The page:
All quiet on the western front
Remarried was a militant pacifist after his time serving in the German army and bluntly exposes the errors of war In hopes that the next generation of German youth may learn from their countries mistakes and lead better leaves without the grievance of war. It Is precisely for this reason that Doll Hitler had Armature’s book burned and forced him to flee the country under the danger of certain execution.
Paul Beamer the main character of the novel is a young, intelligent, enthusiastic patriotic teenager with strong ideals which are vehemently strained upon during the war not only because of the fighting but also because of the social ramifications that came with it. Paul Beamer believes that the people he was taught to trust have betrayed him or let him down. Paul and his class mates feel betrayed by their school master Keynoter.
Keynoter incessantly urges all of his students to join the army whether or not they want to fall in line. The unspoken trust between a teacher and his students is broken the moment Joseph Beam, a student who initially refuses to go to war but concedes because of Keynoter;s perpetual speeches and many methods of persuasion, is one of the first killed in war. “During Drill time Keynoter gave us long lectures until the hole of out class went, under his shepherding to the District Commandant and volunteered. (Remarried 1 1) this Is an example which Paul recalls of Keynoter abusing his authority and trust with his students in order to get them to sign up for the army before the draft. After beginning to experience the realities of war Paul laments never having able to have a guide he could trust in “And that is why they let us down so badly… For us lads of eighteen they ought to have been mediators and guides to the world of maturity, the world of work, of duty, of culture, of progress- to he future. ” (Remarried 12) .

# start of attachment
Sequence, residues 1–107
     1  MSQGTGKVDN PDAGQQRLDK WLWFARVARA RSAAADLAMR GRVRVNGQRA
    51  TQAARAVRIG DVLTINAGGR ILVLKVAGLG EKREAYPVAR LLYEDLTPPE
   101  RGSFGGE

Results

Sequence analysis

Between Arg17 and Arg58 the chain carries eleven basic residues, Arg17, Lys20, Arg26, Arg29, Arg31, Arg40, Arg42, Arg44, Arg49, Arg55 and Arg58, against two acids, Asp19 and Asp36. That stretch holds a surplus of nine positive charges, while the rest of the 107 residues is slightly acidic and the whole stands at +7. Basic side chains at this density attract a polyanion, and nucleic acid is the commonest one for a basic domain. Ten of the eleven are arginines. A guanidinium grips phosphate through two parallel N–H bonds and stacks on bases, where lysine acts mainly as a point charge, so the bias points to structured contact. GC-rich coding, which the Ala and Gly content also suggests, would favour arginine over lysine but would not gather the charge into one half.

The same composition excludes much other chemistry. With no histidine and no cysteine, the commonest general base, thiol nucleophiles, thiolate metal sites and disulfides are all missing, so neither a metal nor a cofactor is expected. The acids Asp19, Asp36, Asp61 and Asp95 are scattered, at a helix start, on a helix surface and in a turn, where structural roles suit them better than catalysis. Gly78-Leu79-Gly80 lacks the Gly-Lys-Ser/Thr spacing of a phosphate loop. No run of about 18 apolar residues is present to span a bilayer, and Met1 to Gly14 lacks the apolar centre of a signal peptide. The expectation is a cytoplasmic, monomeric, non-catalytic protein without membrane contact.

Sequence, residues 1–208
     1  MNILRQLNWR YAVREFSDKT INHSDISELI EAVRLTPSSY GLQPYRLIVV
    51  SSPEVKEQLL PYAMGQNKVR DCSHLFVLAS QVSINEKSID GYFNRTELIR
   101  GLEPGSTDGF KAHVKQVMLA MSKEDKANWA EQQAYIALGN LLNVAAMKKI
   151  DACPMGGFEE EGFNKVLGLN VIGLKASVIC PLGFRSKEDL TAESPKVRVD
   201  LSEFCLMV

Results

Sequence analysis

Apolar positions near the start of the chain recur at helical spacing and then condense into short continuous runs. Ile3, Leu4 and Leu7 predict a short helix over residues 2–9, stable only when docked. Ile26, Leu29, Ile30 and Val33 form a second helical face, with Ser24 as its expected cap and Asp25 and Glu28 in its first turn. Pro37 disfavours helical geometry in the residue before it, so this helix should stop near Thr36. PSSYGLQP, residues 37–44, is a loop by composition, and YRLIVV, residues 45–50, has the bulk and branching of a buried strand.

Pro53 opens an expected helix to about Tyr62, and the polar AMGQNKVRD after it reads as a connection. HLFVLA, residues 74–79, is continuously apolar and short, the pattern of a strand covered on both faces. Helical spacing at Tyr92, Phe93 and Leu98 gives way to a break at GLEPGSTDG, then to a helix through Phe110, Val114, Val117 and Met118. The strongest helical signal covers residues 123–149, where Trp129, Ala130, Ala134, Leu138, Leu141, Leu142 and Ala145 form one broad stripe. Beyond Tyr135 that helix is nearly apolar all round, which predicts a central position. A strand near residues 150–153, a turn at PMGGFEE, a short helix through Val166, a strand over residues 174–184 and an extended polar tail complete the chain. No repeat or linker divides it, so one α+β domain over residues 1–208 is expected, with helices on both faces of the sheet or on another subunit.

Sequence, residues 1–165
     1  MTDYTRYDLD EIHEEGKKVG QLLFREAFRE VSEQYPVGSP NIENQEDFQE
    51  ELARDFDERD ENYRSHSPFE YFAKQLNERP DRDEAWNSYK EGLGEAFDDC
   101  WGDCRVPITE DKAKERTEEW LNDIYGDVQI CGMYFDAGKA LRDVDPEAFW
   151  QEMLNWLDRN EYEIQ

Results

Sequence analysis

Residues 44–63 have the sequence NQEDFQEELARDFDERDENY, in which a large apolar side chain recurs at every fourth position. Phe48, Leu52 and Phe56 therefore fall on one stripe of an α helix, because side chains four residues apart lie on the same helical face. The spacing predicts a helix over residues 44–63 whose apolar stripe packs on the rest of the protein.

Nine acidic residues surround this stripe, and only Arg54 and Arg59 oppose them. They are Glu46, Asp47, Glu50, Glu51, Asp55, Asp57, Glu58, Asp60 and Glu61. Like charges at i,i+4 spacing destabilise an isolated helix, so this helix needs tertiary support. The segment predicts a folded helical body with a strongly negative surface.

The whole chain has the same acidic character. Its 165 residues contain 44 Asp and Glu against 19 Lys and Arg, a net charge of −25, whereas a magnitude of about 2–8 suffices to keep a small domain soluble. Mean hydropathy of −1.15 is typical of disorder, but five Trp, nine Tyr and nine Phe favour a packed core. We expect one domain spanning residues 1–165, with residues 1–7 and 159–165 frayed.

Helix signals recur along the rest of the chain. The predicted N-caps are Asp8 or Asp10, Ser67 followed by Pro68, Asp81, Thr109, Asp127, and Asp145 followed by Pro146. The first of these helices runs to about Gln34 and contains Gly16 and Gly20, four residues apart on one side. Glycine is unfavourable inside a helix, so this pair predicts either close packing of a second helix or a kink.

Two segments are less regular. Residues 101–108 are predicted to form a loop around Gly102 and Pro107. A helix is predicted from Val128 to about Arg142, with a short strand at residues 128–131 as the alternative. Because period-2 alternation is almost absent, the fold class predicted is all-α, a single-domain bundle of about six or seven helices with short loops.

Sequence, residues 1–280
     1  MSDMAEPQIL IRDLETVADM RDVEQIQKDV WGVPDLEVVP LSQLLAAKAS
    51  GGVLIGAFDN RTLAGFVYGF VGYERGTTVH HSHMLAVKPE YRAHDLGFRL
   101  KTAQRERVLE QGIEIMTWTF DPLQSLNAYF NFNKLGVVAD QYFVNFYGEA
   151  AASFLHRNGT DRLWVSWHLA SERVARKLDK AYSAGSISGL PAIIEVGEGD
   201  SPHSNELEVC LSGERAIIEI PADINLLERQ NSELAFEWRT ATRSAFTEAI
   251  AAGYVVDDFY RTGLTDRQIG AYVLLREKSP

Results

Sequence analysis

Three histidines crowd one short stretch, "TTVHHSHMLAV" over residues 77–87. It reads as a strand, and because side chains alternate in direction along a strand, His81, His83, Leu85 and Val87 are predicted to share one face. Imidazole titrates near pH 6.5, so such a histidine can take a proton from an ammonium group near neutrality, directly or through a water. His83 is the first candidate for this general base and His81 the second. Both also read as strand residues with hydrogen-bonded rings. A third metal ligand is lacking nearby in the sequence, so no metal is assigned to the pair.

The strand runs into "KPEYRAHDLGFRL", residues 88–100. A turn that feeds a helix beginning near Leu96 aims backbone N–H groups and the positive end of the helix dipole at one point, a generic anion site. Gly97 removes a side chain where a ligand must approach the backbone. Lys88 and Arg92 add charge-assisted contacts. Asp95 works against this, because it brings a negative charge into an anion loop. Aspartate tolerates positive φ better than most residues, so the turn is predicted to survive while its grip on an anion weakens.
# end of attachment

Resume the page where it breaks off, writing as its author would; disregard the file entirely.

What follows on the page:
Keynoter;s letter In which he calls them the Iron youth Is met with bitterness and anger, they express their desire for Keynoter to come to the front lines to live the atrocities of war he had described as romantic and patriotic. Paul feels let down by the Doctors and orderlies at the front. One of the most sacred vocations a man can have is to be a medical practitioner and preserve the lives of others. But In the front the doctors have seen so much gore and death they have almost been desensitizing In away. Paul feels let down by his father.
When Paul returns home the translator for him Is not easy, the war has changed him. When Paul decides to put on his civilian clothes he realizes they fit him tightly “l have grown in the army’ (164 Remarried) he says. Paul has not only grown physically but he has also grown wiser through his experiences in war. Paul can no longer relate to his father who always seems adamant to talk about the war, which is a subject Paul really wishes to avoid as much as possible. During combat many of the things Paul saw will grow out of control and drive him mad.
I realize he does not know that a man cannot talk of such things; I would do it willingly but it is too dangerous for me to put these things into words. I am afraid they might then become gigantic and I be no longer able to master them. (165 Remarried). Paul finds some solace in his mother who does not inquire about the war, but Paul nonetheless feels alienated from his own family unable to feel comfortable. Paul makes the decision to return to his comrades at the front because they have become his family now and are the only people he can relate to.